The free, wall-to-wall MSM ‘Jacinda-mania’ coverage – Priceless!

    Even then Labour didn’t make much of a dent in the all important centre vote. Advertising heavily on social media appears to be a waste considering most of Labours rise can be directly attributed to Ardern becoming leader rather than any policies Labour were promoting or other people they had.

    • High Flying Duck

       /  March 9, 2018

      Jacinda had a very short run in to the election. Many thought that would save her as the gloss wouldn’t wear off by election time.

      However, the rise has continued unabated in the aftermath with Labour now flying very high.
      Part of this is due to the inevitable handing over of the baton at National.

      It will be interesting if womans magazine politics continues to bring in the votes after another 12 or 24 months and whether the endless promises she has demanded people hold her Government to account on will be met, but Simon Bridges will need to work very hard if he is to get any cut through in the current climate.

      Collins and Kaye, two people who could not be more different, have both been putting in good performances holding their opposites to account so there is hope.

      • PDB

         /  March 9, 2018

        The longer she does nothing and the new govt try to run the economy like National then they will do alright. Tax is their weak point.

        • High Flying Duck

           /  March 9, 2018

          Michael Cullen has said he hopes National will get on board with the working group. I’m sure that will work out well.

      • David

         /  March 9, 2018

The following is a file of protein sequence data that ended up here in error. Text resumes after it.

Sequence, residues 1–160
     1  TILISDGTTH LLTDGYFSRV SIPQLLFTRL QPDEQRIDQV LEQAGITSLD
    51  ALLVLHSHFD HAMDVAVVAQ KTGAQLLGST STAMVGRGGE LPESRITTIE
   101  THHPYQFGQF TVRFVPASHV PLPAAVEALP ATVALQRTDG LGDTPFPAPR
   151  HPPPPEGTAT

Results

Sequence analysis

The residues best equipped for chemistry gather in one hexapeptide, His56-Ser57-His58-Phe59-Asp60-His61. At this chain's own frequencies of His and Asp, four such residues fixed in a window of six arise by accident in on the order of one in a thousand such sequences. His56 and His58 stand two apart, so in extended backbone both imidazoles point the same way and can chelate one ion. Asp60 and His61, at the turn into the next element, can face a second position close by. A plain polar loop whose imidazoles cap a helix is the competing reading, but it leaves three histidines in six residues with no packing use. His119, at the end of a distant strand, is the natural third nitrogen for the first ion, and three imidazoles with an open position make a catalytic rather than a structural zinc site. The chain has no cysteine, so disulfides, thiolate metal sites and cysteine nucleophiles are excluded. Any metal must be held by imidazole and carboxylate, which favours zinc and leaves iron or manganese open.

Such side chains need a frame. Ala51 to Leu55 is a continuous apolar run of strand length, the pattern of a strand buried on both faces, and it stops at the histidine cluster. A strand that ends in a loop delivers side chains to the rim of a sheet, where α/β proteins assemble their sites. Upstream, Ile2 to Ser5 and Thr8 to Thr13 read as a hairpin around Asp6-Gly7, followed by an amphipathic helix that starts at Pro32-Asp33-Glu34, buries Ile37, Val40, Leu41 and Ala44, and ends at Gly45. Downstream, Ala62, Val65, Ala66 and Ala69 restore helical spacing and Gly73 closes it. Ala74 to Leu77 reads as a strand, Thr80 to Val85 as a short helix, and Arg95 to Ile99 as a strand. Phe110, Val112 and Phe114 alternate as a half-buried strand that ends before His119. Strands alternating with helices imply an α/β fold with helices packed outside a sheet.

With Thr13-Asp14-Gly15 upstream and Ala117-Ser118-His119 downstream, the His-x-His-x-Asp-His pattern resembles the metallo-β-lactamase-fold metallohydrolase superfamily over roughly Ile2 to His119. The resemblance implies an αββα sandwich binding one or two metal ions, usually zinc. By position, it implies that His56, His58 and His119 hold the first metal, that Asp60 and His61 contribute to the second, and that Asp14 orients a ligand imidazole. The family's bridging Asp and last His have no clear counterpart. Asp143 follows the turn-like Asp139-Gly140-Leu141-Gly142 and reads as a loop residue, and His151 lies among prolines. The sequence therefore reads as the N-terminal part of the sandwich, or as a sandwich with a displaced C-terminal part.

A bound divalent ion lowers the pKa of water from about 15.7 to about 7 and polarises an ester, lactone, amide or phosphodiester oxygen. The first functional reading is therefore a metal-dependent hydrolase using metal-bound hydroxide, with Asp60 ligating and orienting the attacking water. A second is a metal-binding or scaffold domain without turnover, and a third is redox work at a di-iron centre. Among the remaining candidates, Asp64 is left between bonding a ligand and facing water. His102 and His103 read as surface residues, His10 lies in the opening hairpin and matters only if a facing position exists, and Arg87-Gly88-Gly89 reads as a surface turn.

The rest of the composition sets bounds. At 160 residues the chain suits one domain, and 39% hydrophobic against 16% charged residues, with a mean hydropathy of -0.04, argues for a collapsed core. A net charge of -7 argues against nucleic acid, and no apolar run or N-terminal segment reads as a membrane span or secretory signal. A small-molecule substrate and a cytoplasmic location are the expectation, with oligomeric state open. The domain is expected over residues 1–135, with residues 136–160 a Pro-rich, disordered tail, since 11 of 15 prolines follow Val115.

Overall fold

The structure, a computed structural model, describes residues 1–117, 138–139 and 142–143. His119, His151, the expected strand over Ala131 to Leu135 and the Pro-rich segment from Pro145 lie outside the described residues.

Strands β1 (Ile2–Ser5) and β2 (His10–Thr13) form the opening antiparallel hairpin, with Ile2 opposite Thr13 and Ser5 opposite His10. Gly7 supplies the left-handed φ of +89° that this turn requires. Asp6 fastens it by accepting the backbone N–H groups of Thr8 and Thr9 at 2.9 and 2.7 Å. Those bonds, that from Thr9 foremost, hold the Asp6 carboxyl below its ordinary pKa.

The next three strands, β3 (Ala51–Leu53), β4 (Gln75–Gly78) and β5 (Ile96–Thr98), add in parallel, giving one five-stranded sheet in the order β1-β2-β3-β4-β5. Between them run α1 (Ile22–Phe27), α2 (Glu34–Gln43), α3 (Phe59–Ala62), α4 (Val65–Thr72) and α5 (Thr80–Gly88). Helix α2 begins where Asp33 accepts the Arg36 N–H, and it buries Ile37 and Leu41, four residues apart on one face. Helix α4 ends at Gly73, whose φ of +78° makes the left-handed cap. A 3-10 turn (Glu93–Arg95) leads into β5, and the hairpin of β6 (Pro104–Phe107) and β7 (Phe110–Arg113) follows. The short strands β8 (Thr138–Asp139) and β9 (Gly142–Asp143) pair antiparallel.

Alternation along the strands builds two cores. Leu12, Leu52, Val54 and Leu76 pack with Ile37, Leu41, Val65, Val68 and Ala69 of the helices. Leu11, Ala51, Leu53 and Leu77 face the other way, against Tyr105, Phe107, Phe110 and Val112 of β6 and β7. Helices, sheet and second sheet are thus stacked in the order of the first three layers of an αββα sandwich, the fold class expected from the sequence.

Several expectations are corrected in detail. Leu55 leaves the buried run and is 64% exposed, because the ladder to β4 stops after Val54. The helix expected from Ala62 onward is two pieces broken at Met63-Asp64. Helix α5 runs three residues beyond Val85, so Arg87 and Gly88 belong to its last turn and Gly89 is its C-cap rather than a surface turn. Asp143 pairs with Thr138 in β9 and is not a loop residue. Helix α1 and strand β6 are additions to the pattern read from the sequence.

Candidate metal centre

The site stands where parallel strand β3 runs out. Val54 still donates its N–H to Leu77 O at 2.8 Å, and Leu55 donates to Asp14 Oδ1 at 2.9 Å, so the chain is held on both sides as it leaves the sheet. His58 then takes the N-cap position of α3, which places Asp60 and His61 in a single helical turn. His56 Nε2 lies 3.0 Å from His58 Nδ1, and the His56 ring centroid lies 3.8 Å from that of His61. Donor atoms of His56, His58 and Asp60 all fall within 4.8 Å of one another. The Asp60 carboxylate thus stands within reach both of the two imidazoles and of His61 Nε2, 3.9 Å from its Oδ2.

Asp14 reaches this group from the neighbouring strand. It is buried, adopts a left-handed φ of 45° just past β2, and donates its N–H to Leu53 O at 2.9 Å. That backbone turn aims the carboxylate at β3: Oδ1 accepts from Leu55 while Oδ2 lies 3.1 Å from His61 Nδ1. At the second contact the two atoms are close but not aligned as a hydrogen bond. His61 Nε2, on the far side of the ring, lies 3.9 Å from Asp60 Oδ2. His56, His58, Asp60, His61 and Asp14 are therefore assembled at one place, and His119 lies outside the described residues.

The crucial matter is how long she has off with the baby and then in what capacity does she return to work. The people who because of Ardern voted may tire quickly of Peters especially given he is just a grumpy old man and will be going toe to toe with Bridges. The other issue is Arderns Ministers are…well a bit shit.

      • Blazer

         /  March 9, 2018

        ‘However, the rise has continued unabated in the aftermath with Labour now flying very high.’…could be a bit of company up..there’..for you..then.

  4. duperez

     /  March 9, 2018

    Grumpy old man Peters going toe to toe with Bridges will be different that snarky Bridges going toe to toe with Julie Anne Genter.

    • David

       /  March 9, 2018

      Yes because they are totally different people, the post is not about the Greens or Genter but the contrast between Ardern and Peters.

      • duperez

         /  March 9, 2018

        For a moment there I thought you were the one who introduced the angle of the leader of the Opposition being toe to toe with someone on the front bench of the Government.

        Made me wonder if in his dealing with Peters Bridges will be petulant and smarmy as he has been with Genter. Which might make those who voted for Bridges, (in and out of Caucus) tire of him quickly.
        Then again they probably expect him to be like that.

  1. Labour topped election spending after Ardern surge — Your NZ – NZ Conservative Coalition